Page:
Reptile House


(This column was first published in the April 25, 2004 issue of The Buffalo Sunday News.)


Reptiles and amphibians receive a bad press.


They are the creepy-crawlies of our world, some of them slimy, some of them poisonous, all of them cold. And the poor snake is even under Biblical injunction: it is the subtle serpent that misled Eve.


But there are people who favor these unusual animals. I count myself among them.


It was a delight therefore to be able to spend a recent morning in the Reptile House of the Buffalo Zoo. My hosts were head keeper John Kast and keepers Penny Danielewicz and Celeste Czarniak. Kevin Murphy, the zoo's animal curator, is also a herpetologist so this field is very well represented here.


The first thing I learned on my visit is that early morning is a perfect time to explore this building. Too often we see these animals stretched out or coiled motionless, but now many of them were actively exploring their cages. Whiptails, tiny lizards with yellow and black striped bodies and greenish tails, dashed here and there, sometimes running over each other; turtles lumbered about and some dove down to explore their pools; a bright yellow frog hopped forward and seemed to examine me as I peered at it; and even the giant boa constrictor raised its head and flicked its tongue -- perhaps to rate my fat content.


Because part of my visit was in spaces not on exhibit where some reptiles are only screened in, I was warned not to lean on cages. Although that showed how careful these keepers are, the warning was unnecessary. I like herps -- reptiles and amphibians, that is -- but from a distance.


The keepers were most generous in showing me the routines they follow each morning. I arrived as they were completing a careful check of all of their charges. Each keeper is responsible for a group of animals but on days off the others split their tasks.


They then spend much of their time cleaning and misting cages, changing water supplies and feeding the animals, coming together for some of the larger jobs. I joined all three in the alligator's big room while John and Penny scrubbed rocks and walls. Although Celeste stood guard with two poles for defense while I cowered in a far corner, the gator seemed unconcerned. It even plodded across the cage to allow John to wash where it had been resting.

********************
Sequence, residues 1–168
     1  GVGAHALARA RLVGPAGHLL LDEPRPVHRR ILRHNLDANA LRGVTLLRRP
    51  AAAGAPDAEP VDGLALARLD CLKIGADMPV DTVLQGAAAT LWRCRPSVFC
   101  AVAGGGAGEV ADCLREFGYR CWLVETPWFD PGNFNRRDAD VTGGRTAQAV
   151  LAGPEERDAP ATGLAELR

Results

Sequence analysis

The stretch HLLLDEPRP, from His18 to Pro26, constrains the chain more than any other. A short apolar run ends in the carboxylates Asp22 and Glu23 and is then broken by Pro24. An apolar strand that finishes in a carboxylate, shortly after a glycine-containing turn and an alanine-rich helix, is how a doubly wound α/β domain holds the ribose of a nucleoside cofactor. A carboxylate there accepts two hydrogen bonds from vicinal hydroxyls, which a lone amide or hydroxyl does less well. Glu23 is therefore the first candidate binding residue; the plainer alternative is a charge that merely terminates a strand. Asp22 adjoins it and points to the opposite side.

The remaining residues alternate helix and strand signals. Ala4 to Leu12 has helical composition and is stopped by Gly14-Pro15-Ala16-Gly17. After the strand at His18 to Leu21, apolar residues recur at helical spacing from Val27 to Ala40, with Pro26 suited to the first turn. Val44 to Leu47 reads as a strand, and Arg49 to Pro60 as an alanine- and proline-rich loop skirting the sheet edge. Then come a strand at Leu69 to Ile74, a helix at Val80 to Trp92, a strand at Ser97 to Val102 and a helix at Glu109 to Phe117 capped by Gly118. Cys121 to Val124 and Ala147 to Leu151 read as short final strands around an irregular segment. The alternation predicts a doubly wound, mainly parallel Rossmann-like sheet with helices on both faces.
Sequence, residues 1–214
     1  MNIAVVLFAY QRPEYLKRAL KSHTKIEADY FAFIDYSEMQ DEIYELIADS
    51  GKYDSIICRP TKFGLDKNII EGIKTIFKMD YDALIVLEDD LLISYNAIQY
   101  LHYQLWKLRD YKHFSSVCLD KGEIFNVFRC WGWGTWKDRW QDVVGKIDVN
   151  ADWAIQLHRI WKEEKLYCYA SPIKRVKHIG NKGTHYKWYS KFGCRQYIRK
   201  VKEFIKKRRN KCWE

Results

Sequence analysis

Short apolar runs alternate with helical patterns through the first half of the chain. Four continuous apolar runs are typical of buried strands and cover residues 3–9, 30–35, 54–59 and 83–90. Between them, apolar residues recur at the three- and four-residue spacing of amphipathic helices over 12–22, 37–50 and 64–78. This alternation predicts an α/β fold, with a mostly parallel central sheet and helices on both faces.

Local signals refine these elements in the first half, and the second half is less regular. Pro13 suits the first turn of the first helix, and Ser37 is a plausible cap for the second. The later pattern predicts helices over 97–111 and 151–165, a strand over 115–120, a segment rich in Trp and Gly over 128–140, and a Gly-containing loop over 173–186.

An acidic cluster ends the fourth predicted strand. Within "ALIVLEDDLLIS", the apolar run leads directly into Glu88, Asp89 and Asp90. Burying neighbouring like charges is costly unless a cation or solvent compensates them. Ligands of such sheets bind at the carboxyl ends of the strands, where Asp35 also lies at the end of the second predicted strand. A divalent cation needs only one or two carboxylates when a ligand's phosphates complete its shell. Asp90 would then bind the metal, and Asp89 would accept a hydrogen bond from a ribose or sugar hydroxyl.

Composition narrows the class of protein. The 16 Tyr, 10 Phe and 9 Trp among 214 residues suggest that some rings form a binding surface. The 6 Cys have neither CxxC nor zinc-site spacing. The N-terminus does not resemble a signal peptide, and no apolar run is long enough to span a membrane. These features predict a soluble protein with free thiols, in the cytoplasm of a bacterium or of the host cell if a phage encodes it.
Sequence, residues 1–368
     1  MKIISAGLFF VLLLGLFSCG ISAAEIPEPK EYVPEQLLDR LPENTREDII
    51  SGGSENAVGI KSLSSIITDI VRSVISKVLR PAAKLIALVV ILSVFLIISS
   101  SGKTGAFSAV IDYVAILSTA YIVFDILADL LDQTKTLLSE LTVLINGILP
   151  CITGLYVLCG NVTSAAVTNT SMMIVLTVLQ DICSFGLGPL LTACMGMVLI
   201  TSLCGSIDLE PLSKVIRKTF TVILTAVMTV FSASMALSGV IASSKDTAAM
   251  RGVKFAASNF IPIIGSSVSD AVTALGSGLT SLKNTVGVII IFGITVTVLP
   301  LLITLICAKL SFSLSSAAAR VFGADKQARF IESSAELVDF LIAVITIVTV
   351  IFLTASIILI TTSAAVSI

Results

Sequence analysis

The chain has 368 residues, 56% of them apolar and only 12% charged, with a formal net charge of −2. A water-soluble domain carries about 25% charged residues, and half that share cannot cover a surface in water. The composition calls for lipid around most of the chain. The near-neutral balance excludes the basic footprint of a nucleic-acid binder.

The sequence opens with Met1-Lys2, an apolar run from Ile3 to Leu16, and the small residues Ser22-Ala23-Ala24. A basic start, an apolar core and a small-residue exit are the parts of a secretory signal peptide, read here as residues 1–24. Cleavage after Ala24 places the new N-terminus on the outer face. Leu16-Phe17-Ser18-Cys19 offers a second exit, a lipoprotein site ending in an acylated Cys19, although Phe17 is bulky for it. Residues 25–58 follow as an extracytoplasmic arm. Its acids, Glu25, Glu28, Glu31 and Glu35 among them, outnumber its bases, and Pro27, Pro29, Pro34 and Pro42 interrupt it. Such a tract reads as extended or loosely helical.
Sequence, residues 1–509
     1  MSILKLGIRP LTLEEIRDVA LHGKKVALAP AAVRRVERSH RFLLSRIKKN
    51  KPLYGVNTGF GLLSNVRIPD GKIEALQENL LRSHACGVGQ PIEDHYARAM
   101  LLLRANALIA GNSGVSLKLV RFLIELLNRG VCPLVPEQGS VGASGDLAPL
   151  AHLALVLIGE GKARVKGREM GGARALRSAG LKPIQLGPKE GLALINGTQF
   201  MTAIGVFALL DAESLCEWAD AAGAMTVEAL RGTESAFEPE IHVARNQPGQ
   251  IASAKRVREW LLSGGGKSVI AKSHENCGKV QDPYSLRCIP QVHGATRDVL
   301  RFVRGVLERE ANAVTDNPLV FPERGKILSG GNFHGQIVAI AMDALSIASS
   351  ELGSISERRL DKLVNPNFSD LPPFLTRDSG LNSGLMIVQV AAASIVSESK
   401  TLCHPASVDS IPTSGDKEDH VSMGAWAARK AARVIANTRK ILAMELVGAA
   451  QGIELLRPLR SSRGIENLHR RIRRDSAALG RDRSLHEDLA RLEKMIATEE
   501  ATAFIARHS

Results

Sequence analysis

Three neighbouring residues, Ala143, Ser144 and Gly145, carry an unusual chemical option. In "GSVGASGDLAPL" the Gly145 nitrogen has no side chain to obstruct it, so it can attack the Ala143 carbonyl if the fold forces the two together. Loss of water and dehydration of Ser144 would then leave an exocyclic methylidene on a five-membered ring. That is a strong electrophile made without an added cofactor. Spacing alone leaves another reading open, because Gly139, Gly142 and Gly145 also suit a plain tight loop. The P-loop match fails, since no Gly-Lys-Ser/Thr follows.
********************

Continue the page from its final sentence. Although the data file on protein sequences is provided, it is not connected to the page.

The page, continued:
Sadly, on the day of my visit, a little Mexican alligator lizard was very ill. It is a beautiful specimen, bright green sectioned by black squares, a dead ringer for the gecko of that TV ad. But even I could see that it was not well. Its mouth gaped and, when it moved, it only dragged its hind legs.


The zoo veterinarian had already suggested that it be euthanized. It was clear, however, that Penny was especially attached to the lizard and everything possible was being done for it. When I left it was resting in heated water where it was being carefully monitored. I doubt that the little fellow will survive.


Venomous animals receive special care and beginning keepers must spend many months training before they are allowed to handle them. I stayed well back while John lifted a big rattlesnake into a receptacle so its cage door could be repaired.


Not yet on public exhibit are some beautiful Parson's chameleons from Madagascar that federal agents had seized from illegal importers. Celeste had just combined the cages of a male and female that still maintained their distance, those strange eyes swiveling to look at us.


Surely most remarkable of the collection are the endangered giant Japanese salamanders, which reached out their dinner plate-sized heads to suck in the fish John gave them.


I came away from this pleasant morning with high regard for these well-maintained exhibits and still more for these dedicated zoo professionals.-- Gerry Rising